She was born with this condition and as a child refused a prosthesis. Since that time on, she has never wore won.

In 2008, she won the BBC series “Britain’s Missing Top Model” and has been dominating the fashion scene ever since.

As a photographer who personally believes that models do not have to fit any specific cookie-cutter mold, and that beauty comes in many forms, I think she is an inspiration for both disabled and able-bodied people everywhere.

Kelly Knox

 

beautiful disabled model Kelly Knox

Creating photo drama with a single light source

First off, I’d like to appologize to the readers of this blog for the delay since my last post. Thanks for being cool about it. And just for that, I figured I’d give you guys a real doozie for this one.

Here goes.

Anyone who works with studio photography knows that as a general rule, the setup includes multiple light sources. This is for a number of different reasons which include reducing shadows, evening out the exposure and thing along those lines. However, at times, the use of a single light – mono lighting, can produce some really awesome artistic effects.

One thing it can do is add a sense of drama to your shot.

Check out the image below as an example of a single light setup I used for a photo shoot last week.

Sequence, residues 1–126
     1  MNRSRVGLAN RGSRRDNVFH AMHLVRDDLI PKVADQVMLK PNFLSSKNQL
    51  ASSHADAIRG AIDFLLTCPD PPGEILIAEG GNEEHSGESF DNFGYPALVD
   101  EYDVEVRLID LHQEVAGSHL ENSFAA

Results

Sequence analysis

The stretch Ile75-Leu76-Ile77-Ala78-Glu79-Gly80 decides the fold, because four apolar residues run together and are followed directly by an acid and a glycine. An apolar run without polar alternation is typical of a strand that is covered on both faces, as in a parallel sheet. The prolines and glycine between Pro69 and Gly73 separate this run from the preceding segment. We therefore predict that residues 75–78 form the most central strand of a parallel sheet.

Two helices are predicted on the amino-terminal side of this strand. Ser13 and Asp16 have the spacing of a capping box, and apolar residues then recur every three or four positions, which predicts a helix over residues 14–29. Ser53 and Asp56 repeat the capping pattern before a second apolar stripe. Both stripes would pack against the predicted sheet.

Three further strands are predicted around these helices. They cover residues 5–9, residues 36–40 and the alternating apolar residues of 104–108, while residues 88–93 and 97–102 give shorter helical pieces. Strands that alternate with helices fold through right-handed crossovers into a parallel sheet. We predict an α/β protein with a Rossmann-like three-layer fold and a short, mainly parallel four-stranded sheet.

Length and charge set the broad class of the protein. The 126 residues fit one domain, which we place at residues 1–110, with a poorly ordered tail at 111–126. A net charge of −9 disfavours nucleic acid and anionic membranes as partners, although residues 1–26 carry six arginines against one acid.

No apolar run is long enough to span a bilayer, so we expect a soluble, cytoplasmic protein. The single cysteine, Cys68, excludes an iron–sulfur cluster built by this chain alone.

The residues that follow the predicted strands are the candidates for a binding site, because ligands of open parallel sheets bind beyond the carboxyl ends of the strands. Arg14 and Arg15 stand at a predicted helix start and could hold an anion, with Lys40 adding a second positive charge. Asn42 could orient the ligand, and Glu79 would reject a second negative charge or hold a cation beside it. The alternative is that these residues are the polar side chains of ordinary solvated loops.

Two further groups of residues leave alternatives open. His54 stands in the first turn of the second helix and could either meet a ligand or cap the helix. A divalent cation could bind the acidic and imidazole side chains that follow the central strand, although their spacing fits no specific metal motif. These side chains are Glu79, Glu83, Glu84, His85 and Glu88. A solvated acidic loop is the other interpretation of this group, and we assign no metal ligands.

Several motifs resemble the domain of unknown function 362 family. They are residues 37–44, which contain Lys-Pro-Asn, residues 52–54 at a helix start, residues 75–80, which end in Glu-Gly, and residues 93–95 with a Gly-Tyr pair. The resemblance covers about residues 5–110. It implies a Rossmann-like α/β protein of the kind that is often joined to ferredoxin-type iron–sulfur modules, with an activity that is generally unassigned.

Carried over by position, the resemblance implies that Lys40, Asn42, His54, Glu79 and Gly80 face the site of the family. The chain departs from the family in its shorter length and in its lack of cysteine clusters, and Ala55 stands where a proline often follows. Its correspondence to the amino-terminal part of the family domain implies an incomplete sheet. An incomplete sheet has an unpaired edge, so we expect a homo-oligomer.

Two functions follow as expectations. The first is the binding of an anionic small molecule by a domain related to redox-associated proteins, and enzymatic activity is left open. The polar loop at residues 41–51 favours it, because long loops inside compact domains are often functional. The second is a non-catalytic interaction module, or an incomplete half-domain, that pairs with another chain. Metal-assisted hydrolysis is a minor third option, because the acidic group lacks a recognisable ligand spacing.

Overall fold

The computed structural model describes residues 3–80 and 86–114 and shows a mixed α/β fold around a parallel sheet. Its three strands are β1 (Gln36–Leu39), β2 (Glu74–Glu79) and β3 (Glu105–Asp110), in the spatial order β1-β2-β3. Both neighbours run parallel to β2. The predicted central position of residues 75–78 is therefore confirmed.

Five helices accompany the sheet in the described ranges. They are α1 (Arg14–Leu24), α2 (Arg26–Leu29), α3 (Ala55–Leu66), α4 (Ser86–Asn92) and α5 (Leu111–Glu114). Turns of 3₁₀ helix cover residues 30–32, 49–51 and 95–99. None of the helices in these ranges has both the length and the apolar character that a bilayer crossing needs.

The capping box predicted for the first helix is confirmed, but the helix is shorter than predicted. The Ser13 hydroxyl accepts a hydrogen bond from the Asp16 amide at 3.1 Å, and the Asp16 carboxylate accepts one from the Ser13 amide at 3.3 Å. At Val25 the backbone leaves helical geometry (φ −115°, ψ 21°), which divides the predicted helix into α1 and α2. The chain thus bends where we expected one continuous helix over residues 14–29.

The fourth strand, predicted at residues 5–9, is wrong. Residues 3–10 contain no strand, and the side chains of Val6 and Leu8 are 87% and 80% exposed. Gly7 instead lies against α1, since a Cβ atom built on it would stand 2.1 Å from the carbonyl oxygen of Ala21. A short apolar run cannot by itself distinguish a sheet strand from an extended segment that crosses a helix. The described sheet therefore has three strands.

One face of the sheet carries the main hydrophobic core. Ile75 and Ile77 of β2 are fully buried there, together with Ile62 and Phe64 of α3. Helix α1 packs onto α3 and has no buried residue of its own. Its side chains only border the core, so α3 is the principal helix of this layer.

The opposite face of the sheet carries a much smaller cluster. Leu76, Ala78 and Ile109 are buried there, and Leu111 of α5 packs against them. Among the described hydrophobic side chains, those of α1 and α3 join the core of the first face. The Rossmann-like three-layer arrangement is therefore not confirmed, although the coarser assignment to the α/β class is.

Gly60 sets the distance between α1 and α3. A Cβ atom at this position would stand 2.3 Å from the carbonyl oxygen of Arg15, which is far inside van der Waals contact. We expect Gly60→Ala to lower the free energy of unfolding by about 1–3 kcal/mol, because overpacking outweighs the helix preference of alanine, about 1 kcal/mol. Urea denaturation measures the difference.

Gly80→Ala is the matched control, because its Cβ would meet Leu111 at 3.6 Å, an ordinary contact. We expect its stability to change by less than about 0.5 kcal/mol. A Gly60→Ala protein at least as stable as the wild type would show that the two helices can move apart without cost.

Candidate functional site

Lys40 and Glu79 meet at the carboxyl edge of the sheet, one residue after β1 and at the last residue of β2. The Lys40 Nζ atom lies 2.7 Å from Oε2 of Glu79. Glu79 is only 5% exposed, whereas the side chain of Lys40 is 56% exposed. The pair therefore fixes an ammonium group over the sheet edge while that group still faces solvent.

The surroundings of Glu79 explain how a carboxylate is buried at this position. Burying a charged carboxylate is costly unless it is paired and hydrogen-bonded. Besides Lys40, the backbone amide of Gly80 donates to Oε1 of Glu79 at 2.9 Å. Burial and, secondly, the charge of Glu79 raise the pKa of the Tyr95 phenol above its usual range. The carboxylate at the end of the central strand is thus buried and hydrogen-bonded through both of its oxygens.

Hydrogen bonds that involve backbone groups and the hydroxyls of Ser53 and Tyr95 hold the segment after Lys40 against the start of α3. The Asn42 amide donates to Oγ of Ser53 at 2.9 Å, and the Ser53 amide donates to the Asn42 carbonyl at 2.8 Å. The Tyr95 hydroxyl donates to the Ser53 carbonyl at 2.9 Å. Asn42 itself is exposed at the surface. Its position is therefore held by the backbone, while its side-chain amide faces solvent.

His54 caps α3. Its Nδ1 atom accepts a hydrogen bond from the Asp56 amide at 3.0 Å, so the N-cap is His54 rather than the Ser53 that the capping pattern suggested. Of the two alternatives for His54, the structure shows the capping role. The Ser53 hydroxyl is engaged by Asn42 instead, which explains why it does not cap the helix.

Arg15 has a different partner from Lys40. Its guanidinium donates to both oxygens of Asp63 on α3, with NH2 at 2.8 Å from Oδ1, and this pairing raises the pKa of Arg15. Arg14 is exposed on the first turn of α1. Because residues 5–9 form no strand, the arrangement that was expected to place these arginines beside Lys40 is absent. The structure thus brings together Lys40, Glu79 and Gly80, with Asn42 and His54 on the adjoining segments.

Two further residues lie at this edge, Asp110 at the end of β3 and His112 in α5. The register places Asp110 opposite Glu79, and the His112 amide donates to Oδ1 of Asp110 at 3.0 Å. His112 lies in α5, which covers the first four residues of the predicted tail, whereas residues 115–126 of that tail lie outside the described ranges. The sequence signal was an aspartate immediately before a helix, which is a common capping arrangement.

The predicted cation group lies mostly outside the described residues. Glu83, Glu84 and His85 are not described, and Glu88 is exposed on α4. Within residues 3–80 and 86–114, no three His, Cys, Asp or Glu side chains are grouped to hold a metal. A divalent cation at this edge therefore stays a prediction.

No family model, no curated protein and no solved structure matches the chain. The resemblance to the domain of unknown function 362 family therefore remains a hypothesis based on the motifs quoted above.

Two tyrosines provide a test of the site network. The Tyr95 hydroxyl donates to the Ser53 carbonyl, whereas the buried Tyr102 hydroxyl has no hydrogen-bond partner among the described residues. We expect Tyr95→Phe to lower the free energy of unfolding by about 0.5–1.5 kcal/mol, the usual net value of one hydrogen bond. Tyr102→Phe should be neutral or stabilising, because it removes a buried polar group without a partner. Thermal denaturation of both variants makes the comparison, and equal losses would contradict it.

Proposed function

mono lit model

In this case, I used a light on the left side and as it stretches across the model it fades into a darker shade. This accentuates the points closest while sort of leaving an element of mystery about the elements hidden in the dark distance.

Give it a try for yourself some time. You just might love the results.

Angry chick songs that this male blogger actually likes

In the world of music, there are no shortage of “angry chick” songs in which a woman rocks out some level of either rage of discontent regarding relationships with men. While many of these may annoy those of us with a with a “Y” chromosome, there are some occasions on which the song is so catchy or the rage comes across as so attractive that it’s hard not to like the song.

With that being said, here are a few such songs that I really do enjoy:

99 Times

By Kate Voegele

Crush, Crush, Crush

By Paramore

Everything Back But You

By  Avril Lavigne 

I knew You Were Trouble

By Taylor Swift 

Do you like “angry chick” music? What are some of your favorite songs that fit this vibe?